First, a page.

Maybe I should at least mention this for historical reasons. The book is very old by now (though it has seen some updates with Nordhaus becoming a co-author on later editions), but it's amazing how many Nobel laureates in economics cite this book as an inspiration to go into economics---many of them coming from a background in math.

From Roger Myerson's prize biographical,

I have always loved to read about history and found a fascinating beauty in historical maps. But I hoped for something more analytical, and so I was naturally intrigued when I first heard about economics. I began reading Paul Samuelson's basic economics textbook in a high school vacation. When I got to college, I chose to concentrate in economics and applied mathematics...

From James Heckman's prize biographical,

Samuelson's Foundations of Economic Analysis, was an exciting experience that shaped my desire to learn more economics...

From Samuelson's biography, the mention this about his textbook:

His Economics: An Introductory Analysis, first published in 1948, has become the best selling economics textbook of all time. The textbook has sold more than a million copies and has been translated into French, German, Italian, Hungarian, Polish, Korean, Portuguese, Spanish and Arabic. It is now in its fifth edition. "The book's emphasis on different themes has changed with the changing of the nation's economic problems," wrote Business Week in 1959. "The first edition was dominated by the end-of-the-war worry that widespread unemployment would return... later editions put growing stress on fiscal and monetary controls over inflation. In the later editions Samuelson has worked toward what he calls a 'neoclassical synthesis' of ancient and modern economic findings. Briefly, his synthesis is that nations today can successfully control either depression or inflation by fiscal and monetary policies... Some economists feel that Samuelson's book... is really his greatest contribution. It has gone a long way toward giving the world a common economic language."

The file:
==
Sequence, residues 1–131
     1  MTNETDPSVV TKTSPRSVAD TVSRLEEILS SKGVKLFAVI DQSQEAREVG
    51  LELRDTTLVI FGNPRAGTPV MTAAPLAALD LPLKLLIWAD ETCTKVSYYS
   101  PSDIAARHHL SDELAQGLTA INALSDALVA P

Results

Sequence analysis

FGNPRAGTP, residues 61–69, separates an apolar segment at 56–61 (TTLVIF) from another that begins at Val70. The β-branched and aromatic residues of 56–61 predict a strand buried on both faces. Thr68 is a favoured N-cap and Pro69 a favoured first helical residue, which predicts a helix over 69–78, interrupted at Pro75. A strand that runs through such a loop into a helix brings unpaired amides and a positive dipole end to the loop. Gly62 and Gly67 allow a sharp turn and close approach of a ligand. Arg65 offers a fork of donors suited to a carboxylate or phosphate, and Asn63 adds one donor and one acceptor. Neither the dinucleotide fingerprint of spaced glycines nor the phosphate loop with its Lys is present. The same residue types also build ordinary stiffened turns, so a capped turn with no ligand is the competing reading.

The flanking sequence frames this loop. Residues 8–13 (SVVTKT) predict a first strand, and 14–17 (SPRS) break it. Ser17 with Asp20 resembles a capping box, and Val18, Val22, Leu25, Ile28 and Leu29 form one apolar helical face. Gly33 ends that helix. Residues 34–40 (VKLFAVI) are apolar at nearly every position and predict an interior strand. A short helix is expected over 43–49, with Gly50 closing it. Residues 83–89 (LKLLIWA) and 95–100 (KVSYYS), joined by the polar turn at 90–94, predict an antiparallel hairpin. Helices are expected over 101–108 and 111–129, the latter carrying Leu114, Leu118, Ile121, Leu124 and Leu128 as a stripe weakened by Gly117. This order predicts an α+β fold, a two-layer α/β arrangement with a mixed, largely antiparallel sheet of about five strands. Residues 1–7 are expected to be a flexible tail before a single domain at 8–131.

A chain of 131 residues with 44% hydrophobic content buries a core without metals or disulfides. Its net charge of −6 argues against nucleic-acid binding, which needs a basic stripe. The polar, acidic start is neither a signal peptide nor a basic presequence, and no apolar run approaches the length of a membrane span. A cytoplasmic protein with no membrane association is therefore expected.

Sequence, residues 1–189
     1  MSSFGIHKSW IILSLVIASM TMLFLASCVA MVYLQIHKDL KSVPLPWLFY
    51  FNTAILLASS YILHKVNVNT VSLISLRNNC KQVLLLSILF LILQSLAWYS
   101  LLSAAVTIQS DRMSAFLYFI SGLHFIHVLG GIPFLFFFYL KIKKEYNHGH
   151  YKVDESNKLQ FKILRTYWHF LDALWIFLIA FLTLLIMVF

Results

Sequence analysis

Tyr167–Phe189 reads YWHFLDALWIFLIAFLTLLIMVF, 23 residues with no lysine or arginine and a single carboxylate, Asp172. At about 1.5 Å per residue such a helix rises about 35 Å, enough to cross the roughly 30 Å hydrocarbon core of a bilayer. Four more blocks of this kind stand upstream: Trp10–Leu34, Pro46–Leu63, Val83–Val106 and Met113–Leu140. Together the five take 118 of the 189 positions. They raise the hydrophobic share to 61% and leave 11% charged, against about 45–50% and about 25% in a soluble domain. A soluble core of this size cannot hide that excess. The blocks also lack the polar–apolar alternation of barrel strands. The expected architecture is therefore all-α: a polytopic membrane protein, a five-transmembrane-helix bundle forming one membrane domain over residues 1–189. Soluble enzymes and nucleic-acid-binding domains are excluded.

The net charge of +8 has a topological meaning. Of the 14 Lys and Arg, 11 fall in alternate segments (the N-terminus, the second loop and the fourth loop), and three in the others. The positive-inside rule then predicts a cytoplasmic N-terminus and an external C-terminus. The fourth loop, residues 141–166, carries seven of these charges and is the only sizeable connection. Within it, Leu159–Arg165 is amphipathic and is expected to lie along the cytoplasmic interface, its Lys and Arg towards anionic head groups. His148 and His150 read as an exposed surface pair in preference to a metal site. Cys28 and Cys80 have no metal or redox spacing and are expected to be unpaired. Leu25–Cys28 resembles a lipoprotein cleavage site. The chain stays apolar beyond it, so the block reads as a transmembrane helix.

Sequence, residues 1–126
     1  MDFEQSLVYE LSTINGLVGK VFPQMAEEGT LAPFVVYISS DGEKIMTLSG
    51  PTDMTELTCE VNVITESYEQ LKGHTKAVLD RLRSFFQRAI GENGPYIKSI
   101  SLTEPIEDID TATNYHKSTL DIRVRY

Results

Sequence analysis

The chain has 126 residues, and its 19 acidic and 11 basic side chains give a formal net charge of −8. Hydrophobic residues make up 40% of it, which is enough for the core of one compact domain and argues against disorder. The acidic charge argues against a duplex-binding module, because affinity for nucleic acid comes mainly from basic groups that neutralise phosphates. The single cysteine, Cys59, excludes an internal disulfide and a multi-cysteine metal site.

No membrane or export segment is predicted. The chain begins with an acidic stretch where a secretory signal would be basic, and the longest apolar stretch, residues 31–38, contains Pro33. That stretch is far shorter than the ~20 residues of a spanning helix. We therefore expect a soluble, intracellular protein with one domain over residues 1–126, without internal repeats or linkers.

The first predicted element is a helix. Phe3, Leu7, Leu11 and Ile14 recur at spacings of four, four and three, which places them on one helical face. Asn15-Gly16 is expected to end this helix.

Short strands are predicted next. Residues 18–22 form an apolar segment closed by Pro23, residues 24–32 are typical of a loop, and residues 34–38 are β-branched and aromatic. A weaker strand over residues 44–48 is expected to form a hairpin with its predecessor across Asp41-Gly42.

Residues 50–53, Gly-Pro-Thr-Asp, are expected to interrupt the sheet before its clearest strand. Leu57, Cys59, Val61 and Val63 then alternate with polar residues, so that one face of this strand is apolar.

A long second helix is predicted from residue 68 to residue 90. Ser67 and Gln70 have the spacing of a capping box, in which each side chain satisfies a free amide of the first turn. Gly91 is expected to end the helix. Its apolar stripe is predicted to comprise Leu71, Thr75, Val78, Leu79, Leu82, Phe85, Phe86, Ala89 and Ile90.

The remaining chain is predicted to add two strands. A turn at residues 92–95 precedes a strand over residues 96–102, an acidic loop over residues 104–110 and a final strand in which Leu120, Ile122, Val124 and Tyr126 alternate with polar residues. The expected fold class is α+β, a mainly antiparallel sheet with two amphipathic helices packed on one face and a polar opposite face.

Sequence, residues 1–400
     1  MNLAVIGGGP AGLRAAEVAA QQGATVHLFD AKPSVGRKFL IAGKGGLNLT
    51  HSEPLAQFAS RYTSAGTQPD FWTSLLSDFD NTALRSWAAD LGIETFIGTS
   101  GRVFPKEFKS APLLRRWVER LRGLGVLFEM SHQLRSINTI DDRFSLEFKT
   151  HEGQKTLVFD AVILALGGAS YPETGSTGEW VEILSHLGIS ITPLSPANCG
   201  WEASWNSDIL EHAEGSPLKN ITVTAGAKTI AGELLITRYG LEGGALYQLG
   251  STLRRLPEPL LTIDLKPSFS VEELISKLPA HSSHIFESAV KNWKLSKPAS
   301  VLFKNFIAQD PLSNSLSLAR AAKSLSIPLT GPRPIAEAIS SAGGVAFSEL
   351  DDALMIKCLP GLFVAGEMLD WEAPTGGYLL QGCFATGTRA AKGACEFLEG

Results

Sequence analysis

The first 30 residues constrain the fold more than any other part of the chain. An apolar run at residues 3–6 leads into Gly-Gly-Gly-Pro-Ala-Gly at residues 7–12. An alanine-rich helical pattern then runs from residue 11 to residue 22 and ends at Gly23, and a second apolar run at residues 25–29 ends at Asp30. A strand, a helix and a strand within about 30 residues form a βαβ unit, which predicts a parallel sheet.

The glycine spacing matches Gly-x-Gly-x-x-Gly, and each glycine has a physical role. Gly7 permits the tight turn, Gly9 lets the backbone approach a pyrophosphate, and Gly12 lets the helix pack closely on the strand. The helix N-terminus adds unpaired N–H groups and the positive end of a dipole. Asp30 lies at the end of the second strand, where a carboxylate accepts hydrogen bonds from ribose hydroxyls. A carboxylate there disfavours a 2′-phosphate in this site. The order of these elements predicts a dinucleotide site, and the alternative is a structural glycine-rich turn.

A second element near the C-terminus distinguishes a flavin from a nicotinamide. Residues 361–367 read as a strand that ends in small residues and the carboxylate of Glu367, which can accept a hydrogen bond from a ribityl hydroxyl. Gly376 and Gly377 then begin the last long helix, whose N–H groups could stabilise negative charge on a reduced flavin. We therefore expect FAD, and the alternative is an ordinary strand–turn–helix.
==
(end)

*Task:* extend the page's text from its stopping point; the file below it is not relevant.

Complementary to the other answers, my suggestion would also be to check more than one book entitled "Mathematics for Economics" or alike.
It will give you an idea of what parts of mathematics does Economics use more often, and also, of how Economics translates into economic concepts the mathematical ones.

Some very different books on the subject (without any particular order)

1) Simon & Blume

2) A. Takayama

3) Sydsaeter & Hammond

4) A.C. Chiang

...and of course Samuelson's Foundations (already suggested).

A note of warning: if you are a "pure math" person, you may not like what you see into these books.

In general you will find more abstract mathematics into Game Theory and Theoretical Micro, although Stochastic Macro, as well as Finance (especially the latter with its insistence on using continuous time) can be pretty heavily mathematized.

Finally, there is the sub-field of "Mathematical Economics" if you want to feel more at home as regards approach and style. A journal of the filed is Journal of Mathematical Economics.


From a mathematical perspective i highly advice learning about econometrics it's a very useful and somewhat lucrative aspect of economics. I've done a moderate amount of maths in my degree and the more abstract linear algebra material with matrices and markov chains plays into it quite a bit.

But to start you'd probably should begin with basic microeconomics such as supply/demand, indifference curves, game theory and competitive markets. As for books most first year and second year economics textbooks are supremely accessible honestly high school kids shouldn't have too much of a problem with it. Look up the first year subjects on economics in your uni and try to read the textbook set for them.